Thursday, April 23, 2009

Beetroots with Red Rice and Pine Nuts

500 g Beetroot
250 g Thai Red Jasmine Rice/or Camargue red rice
1 cup of Pine nuts/ Macademia

Some Olive oil
Some Mirin/Lemon juice

Greens leaves of (rucola, parsely etc)
Yogurt with garlic

Steam rice. Cook beets and peel. Prepare a dressing from the olive oil and mirin. Pour 1/3 over the cooked rice and the rest over the warm, peeled and cubed beets. Roast the nuts. Arrange green leaves on a platter. Place rice in the middle and the beet cubes in a ring around it. Sprinkle the warm nuts on the rice. Serve hot or cold. Yogurt with or without garlic could be served with it. Feta also fits well.

Image: Beuckelaer, Joachim, 1564, Detail of Market Woman with Fruit, Vegetables and Poultry via Zeno

Sunday, April 19, 2009

Macadamia bush cookies

Quantities of ingredients are very flexible with this recipe. The main thing is to get the texture right by balancing other ingredients with the right amount of flour. Increase the quantity of nuts and decrease the amount of flour as required. Who has scales in the bush anyway?

250g unsalted butter
4-5 tbsp bush honey
250g macadamia nuts, finely grated by hand
about 500g wholemeal spelt flour
Beat soft butter with honey. Use more honey if you like.
Mix in grated macadamia nuts.
Add flour gradually while beating until the mixture is not sticky. Knead with hands to get the pastry to a non-stick consistency.
Roll out on a floured linen tea towel into a flat rectangular shape. Cut out rectangular biscuits with a knife and decorate each biscuit with the knife tip in the shape of a star. Place them on a buttered tray.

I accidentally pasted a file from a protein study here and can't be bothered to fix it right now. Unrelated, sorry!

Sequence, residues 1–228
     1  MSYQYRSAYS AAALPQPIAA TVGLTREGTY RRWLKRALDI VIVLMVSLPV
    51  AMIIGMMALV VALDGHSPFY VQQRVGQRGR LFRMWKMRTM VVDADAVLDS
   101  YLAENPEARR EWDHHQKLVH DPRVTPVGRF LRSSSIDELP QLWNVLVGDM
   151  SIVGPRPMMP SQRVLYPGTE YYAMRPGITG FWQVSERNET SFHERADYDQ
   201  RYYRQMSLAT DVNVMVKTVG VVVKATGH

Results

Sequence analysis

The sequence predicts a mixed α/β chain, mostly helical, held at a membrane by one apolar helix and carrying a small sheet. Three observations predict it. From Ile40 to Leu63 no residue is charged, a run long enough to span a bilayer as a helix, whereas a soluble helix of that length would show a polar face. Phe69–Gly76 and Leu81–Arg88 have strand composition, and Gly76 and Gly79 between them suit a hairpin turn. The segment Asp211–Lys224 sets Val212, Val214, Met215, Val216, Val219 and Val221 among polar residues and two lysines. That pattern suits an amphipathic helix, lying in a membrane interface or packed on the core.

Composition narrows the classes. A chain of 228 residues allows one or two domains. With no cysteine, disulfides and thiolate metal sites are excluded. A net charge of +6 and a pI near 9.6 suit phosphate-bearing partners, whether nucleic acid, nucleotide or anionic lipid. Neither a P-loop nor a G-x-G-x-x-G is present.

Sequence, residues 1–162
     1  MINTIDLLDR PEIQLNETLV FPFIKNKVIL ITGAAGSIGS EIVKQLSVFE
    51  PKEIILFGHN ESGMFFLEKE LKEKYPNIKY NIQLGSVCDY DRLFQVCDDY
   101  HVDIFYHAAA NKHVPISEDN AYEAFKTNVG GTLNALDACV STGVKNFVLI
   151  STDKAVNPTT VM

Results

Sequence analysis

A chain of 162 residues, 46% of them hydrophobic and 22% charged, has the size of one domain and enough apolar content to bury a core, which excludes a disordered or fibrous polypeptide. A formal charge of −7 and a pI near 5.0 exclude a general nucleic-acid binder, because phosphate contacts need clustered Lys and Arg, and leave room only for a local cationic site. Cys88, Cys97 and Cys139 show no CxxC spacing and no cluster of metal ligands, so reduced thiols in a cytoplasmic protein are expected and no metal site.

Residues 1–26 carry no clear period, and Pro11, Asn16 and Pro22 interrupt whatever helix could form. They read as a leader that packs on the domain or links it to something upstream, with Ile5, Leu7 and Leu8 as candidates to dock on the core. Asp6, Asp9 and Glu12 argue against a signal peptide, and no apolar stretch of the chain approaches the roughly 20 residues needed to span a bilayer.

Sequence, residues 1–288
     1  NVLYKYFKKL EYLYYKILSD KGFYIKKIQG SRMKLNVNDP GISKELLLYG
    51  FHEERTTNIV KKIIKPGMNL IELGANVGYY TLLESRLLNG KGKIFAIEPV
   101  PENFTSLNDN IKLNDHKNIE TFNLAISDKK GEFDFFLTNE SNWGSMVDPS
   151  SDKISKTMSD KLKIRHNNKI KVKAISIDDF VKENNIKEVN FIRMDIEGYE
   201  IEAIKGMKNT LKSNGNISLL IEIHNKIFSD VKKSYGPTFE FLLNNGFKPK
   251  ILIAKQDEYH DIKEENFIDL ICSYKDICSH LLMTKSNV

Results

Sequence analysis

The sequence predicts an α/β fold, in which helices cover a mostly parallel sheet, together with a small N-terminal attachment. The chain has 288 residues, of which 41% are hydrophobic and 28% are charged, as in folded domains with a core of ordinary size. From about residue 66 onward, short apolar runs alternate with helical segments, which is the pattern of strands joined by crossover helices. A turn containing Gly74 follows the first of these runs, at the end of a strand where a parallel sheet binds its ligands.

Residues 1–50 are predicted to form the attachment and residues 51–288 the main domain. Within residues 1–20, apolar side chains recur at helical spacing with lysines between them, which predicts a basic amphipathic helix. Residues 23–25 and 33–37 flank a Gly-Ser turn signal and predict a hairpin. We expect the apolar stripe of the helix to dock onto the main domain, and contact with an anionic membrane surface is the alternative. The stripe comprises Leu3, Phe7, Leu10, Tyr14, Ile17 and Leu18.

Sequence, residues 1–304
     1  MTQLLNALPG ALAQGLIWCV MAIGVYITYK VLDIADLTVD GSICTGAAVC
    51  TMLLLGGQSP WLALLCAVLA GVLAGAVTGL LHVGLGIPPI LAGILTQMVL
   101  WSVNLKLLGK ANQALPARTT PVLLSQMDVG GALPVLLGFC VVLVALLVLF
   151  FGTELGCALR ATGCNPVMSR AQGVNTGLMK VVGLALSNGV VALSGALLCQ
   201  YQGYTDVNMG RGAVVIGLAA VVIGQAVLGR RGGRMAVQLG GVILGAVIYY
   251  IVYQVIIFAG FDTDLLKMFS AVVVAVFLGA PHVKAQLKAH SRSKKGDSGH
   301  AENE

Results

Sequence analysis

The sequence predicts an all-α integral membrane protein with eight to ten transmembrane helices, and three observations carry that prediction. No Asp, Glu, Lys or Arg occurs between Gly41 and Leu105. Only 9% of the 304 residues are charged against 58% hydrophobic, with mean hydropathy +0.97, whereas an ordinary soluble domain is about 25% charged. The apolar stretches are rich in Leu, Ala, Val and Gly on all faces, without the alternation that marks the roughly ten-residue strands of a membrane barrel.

Bake at 180° on the second oven shelf for about 12 minutes (depending on the size and thickness of the biscuits). Biscuits should be cooked through but light in colour.
Cool. Store in a tin.
Image: Cézanne, Paul, Detail of The Sideboard, 1873–1877 via Zeno

Saturday, April 18, 2009

Guava Compote - The Dorrigo Way

Guava or Feijoa (Psidium) are, like other good foods, cultivated in the neotropic ecozone. Here, on the feet of Dorrigo National Park they are allowed to go 'feral' like so many other flora and fauna.

Collecting the ripe fruit, they exude a strong fragrance filling rooms for hours.

The scooped out fruit-pulp can be cooked with a bit of water. If you do not like the large seeds, strain them. This is best done (Ad alarm!) with a chinois strainer and the matching beechwood conical pestle. Add a dash of honey and cool. Local wild-foods connoisseurs, who inspired this method of preparation, use the skins and seeds as well to prepare the compote. Serve with yogurt.

Others use the fruit to bake a 'Guava and macadamia torte' or use them for dressing.